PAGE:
To some, the air inside Commencement Bay Production and Processing might seem to suggest the scent of the ’60s.
It’s marijuana, sweet, deep, rich with sticky resin.
Actually, this is the smell of tomorrow.
It’s marijuana, rich with commercial possibilities all along the 2.5-month journey from clone to bowl.
“I see this happening a lot like liquor,” said David Easley, who owns the Commencement Bay operation, there on the edge of Nalley Valley, along with partners Tyler Severy and David Meinert.
When liquor sales were privatized, when the state Liquor Control Board lost its monopoly to private enterprise, there were entrepreneurs who won, and those who lost.
Which could happen again, with the legalization of marijuana.
Inside this former gymnasium, as tall as a warehouse with room to expand, 22 8-foot-by-20-foot shipping containers stand stacked one above the other providing 7,500 square feet of “plant canopy.” The containers are wired for light and plumbed for irrigation, and inside several shine lights both white and sodium-orange as fans blow soft breezes.
The partners have so far invested about $150,000 in the enterprise, and expect their final investment to top $300,000, Easley said.
He is a father of two and grew up in Gig Harbor. He comes to Commencement Bay with a background both in the financial and adult beverage industries.
“It was just time to take a leap,” he said earlier this week. “I’m all in.”
“The economy helped me by closing my former business,” said Severy, who operated his own construction and fencing company.
A 21-year veteran of the Puget Sound, he had moved to the East two years before returning.
“I needed a hiatus from working for myself,” he said. “We missed Tacoma. We decided to come back.”
Easley and Severy met at an early gathering of persons interested in the business of cannabis.
“It all kind of came together,” said Easley. “We both had our applications in with the state. We were brainstorming together. Why in the world would we want to do this separately?”
And now – like other entrepreneurs would say, like the state would say – he said, “We’re all making it up as we go.”
The partners have been granted a dual license allowing them to both grow and process marijuana.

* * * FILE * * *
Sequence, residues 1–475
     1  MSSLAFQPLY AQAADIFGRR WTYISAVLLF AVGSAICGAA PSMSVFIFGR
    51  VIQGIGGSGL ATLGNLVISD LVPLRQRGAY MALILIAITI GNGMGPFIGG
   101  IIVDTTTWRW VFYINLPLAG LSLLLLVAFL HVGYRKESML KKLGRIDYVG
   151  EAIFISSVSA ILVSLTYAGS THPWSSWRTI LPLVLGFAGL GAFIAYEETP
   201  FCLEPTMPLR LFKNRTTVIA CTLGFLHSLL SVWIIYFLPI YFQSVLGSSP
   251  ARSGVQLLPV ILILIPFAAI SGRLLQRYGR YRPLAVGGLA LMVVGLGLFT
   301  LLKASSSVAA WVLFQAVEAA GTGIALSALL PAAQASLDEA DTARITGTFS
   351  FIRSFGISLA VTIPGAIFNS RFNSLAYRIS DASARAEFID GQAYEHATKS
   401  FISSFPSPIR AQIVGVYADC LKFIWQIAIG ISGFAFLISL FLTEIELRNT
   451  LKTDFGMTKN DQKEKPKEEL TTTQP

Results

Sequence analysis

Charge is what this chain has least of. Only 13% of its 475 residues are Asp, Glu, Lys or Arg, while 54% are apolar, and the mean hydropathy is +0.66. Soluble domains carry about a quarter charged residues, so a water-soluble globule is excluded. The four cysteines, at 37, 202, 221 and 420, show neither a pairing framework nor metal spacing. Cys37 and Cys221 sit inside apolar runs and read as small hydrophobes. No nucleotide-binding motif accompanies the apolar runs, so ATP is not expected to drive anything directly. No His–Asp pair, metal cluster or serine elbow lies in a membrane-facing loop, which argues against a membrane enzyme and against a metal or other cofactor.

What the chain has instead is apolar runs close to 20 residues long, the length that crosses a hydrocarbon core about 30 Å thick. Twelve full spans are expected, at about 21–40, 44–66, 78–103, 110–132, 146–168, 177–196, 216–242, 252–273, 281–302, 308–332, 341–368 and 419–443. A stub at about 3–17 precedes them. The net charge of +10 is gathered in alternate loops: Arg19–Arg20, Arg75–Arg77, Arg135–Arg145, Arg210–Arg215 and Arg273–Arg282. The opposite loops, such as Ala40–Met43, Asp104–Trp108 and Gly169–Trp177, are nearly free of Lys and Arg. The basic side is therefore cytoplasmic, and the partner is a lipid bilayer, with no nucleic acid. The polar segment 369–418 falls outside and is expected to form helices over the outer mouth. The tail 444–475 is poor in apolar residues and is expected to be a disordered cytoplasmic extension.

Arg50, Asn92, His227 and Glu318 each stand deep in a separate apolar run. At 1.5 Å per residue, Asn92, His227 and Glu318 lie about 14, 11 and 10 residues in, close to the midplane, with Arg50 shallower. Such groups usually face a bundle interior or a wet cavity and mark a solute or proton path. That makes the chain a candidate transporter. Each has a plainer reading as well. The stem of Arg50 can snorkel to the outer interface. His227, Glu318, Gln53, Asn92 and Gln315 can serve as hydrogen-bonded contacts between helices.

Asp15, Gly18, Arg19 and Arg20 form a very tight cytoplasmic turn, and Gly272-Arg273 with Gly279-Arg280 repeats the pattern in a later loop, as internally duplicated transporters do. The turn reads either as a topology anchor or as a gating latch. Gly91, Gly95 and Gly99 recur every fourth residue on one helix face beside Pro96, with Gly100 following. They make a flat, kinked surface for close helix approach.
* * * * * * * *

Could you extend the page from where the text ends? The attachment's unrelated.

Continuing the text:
“The growth is going to be in production and processing,” Severy said.
Yes, other growers might know about lights and water, about the growth cycles of a plant, about good buds and bad. But they might not know about processing and packaging at an industrial level.
It’s one thing to harvest a few plants, then pack the cured flower into baggies. It’s quite another to process pounds, to weigh, package, label and seal the product by grams into state-sanctioned containers.
That’s where Commencement Bay may have an edge as the industry readies for legal, recreational, retail sales.
The partners first went to the food industry to investigate possible packaging solutions. They found none. Tool and machine makers haven’t yet devised a strategy for weighing, sealing and stacking grams of fragile, dried, cured, inspected and labeled marijuana.
The partners at Commencement Bay have designed their own proprietary system, and their new machine is expected to arrive in August.
Easley mimics the possible reaction of a grower honed in hippie years: “Now I have to deal in gram bags? How many grams in a pound?”
“There will be a bottleneck, a shortage,” he said. “They’re not thinking about the next step. How do they put it into a bag? My own business plan is to have us at 90 percent processing. We’ll start at 50-50, growing and processing.”
Other growers have contacted Commencement Bay about contracting the company’s processing services.
“We don’t want to grow too fast,” Severy said. “We have a conservative approach.”
They have hired a master grower who learned his trade in the Southwest. They plan to hire an artist to help with packaging design.
They are not yet ready to set a price for their product.
“Markets decide prices,” Easley said. “Retailers are coming to us. They’re afraid there won’t be enough product. It’s irresponsible to set a price now.”
“We’re being approached with contracts, but we’re not signing,” said Severy.
Under state law, Commencement Bay is not allowed to sell its packaged marijuana in a retail setting. All sales will be to licensed retail sellers.
They’re all making it up as they go.
“There will be a lot of $50,000, $60,000 mistakes,” Easley said.
“The thought is that a lot of companies are going to be for sale in the next year,” said Severy. “I’m happy where we are now. I fear for the other people. They’re going to be hemorrhaging money.”
“We want to do this by the book, so we can show it works. You don’t get a chance to pioneer anything everyday,” said Easley.
Said Severy, “It’s every part except marijuana that excites me.”